Two years ago, the Ying Yang Twins were paid to perform at Spring Fling.
At the time, I was on the Yale Women’s Center Board. I spent that week bristling at the Spring Fling Committee’s decision to invite them, putting up signs in protest, writing an incendiary column for the News and bitterly realizing that the Ying Yang Twins, those beloved identical spouts of rapist rallying tunes would — without question — come to my school.
In the days before the Twins’ arrival, I became powerfully aware of my own impotence: I could do very little to prevent the Twins and their euphoric, carnivalesque brand of patriarchy from coming to Yale, short of physically barring them entry, which would have been a comedic occasion for all parties. (Hint: I would have lost that game.)
Effluvia poured forth in a place where we learn. The Ying Yang Twins came, and your money, classes of 2012 and 2013, paid them. Fueled by the dues we all pay to the Yale College Student Activities Fund, with the majority of Yalies blithely carousing before them, the Ying Yang Twins unloaded their hateful speech — “you screamin’ you can’t take it no more. Beat the pussy so bad we done fell on the flo” — on Old Campus.
The Twins’ performance would not be the only misogynistic act between High Street and Phelps Gate that year. In October, the brothers of Delta Kappa Epsilon paraded around Old Campus, chanting “no means yes, yes means anal.”
T-Pain is coming to Spring Fling this year. Get ready to be dazzled.
Known for crooning “couple more shots you open up like a book” in that ditty “Blame it on the Alcohol,” which the Washington City Paper included in a list of the top 5 Rape Anthems, T-Pain will sing his songs and marginalize half of Yale’s student body, and we will pay him to do so.
T-Pain’s tunes neutralize sexual assault: “Baby let me rope you up / Tie you down / No matter how hard you buck / Gonna get wild all night.”
According to his lyrics, any woman is worth only as much as the pleasure she provides to the male population: “Take your motherf—ing shirt off, hey!”
T-Pain’s lyrics relegate the female sex to an infantile status: “Back breaker, put you over my knee woo / Put you on punishment woman and I’ll spank you.”
Good, T-Pain. Good, that’s what all Yale women want. Oh, and let me take my shirt off while I’m at it.
If you think I speak derisively, you’re right; I’m tired of writing dour, anti-Spring Fling columns. But lest my choleric voice cause you to ignore me, know that I want to save something you and I both love: Yale University.
Events like the Ying Yang Twins’ performance, DKE’s parade and T-Pain’s impending arrival have a common source. Our culture deems this rhetoric acceptable.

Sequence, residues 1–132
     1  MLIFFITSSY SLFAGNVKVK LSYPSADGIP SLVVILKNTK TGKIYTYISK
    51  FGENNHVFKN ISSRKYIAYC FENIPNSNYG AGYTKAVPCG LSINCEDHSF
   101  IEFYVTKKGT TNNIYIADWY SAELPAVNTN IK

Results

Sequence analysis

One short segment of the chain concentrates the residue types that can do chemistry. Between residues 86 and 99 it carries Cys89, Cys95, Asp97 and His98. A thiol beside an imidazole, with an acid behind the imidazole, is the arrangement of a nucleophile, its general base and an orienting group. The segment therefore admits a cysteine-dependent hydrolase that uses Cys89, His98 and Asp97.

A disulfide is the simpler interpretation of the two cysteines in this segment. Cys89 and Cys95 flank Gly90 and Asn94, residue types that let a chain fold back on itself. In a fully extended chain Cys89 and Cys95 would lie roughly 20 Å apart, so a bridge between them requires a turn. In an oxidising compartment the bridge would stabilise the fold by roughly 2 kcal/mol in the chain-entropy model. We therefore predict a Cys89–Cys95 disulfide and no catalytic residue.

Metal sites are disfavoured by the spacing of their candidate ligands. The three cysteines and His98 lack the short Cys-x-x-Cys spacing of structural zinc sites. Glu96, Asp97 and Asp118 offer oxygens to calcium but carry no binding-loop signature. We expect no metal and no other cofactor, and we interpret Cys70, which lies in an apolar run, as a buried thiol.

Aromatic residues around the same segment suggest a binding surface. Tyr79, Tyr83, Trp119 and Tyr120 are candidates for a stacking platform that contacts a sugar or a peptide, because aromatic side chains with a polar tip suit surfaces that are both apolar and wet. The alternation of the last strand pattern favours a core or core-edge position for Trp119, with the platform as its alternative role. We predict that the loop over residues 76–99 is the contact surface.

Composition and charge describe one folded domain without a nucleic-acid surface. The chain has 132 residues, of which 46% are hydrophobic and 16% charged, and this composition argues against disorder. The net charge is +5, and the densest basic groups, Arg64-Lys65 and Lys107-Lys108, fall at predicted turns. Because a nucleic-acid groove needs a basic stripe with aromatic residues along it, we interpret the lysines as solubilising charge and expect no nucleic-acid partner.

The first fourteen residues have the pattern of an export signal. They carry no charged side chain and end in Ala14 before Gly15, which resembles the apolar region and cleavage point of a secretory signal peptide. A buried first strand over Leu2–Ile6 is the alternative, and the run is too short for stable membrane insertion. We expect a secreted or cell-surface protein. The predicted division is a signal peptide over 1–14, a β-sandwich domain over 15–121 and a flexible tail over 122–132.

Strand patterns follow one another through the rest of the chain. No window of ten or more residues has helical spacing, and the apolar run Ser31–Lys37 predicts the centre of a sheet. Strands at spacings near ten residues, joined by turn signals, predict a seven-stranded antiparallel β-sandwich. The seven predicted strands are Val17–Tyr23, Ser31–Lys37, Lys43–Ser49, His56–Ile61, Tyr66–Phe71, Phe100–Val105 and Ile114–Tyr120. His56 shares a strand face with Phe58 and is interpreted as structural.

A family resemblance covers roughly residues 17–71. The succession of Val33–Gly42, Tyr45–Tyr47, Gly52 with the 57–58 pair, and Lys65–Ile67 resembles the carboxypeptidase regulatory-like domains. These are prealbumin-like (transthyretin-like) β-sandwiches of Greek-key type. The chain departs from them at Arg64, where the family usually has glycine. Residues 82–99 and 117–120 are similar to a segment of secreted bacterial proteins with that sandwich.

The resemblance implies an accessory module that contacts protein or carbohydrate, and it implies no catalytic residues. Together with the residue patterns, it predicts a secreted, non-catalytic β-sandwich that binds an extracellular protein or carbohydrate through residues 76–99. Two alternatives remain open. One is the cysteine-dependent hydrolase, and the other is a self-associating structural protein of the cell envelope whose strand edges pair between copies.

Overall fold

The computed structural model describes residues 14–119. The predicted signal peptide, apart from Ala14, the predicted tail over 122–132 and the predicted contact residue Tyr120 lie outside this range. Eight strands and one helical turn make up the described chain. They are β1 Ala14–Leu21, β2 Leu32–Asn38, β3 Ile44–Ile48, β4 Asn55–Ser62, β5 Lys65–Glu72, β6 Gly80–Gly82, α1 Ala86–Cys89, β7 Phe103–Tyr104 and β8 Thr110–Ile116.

Only diction differentiates lyrics like “I’m going to f— you til you cry” from the equally violent, equally terrorizing “no means yes, yes means anal.”
These events reveal the toxic, subterranean aspects of a culture that is on the surface beneficent and smiling. These events tear us apart.
In recent months, our campus has undergone a revitalizing exfoliation in the attempt to change the sexual culture at this school. Gender is oft-discussed on this page, Yale has created a University-Wide Committee to manage sexual assault claims and Yale has created a position to manage Title IX complaints and policy integration.
Administrative discussion is not mere institutional cant. Even if it progresses rheumatically, Yale is not failing us. Administrative action is the best chance we have.
After Title IX, Yale’s administration is moving. But there’s much to be done. The Spring Fling Committee is importing a discourse that degrades and threatens members of our community. Yale women will to go to Spring Fling, and they will have to listen to someone disparage them. The decision to invite T-Pain is cavalier and disregards any progress we’ve made. Such a decision assaults our convalescent culture.
T-Pain’s unresisted authorized arrival is not an exception but an exemplar of the times: It shows us as we are and what — apparently — we want.
We’ve made strides in my years here, but sexism at Yale remains a severe problem. Our space is not T-Pain’s to desecrate. The adjustments we’ve made are fragile. They must be fortified.
T-Pain is not going to protect what we’ve built. Will you?
Kathleen Powers is a senior in Branford College. Contact her at firstname.lastname@example.org.